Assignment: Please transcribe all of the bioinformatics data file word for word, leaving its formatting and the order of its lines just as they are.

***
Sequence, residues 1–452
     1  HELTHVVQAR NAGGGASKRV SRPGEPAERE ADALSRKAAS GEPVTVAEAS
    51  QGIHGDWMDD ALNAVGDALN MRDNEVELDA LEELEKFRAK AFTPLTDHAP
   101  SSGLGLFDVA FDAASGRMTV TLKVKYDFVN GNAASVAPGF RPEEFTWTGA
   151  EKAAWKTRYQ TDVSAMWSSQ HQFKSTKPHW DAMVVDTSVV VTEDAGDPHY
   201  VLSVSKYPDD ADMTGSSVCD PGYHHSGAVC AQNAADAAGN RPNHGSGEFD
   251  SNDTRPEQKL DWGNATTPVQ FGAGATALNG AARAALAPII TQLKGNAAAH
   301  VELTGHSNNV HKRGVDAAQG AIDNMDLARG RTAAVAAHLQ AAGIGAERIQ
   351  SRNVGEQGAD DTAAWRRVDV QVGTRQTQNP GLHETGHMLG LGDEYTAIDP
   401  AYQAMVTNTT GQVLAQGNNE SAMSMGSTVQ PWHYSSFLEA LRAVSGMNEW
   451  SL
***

Sequence, residues 1–452
     1  HELTHVVQAR NAGGGASKRV SRPGEPAERE ADALSRKAAS GEPVTVAEAS
    51  QGIHGDWMDD ALNAVGDALN MRDNEVELDA LEELEKFRAK AFTPLTDHAP
   101  SSGLGLFDVA FDAASGRMTV TLKVKYDFVN GNAASVAPGF RPEEFTWTGA
   151  EKAAWKTRYQ TDVSAMWSSQ HQFKSTKPHW DAMVVDTSVV VTEDAGDPHY
   201  VLSVSKYPDD ADMTGSSVCD PGYHHSGAVC AQNAADAAGN RPNHGSGEFD
   251  SNDTRPEQKL DWGNATTPVQ FGAGATALNG AARAALAPII TQLKGNAAAH
   301  VELTGHSNNV HKRGVDAAQG AIDNMDLARG RTAAVAAHLQ AAGIGAERIQ
   351  SRNVGEQGAD DTAAWRRVDV QVGTRQTQNP GLHETGHMLG LGDEYTAIDP
   401  AYQAMVTNTT GQVLAQGNNE SAMSMGSTVQ PWHYSSFLEA LRAVSGMNEW
   451  SL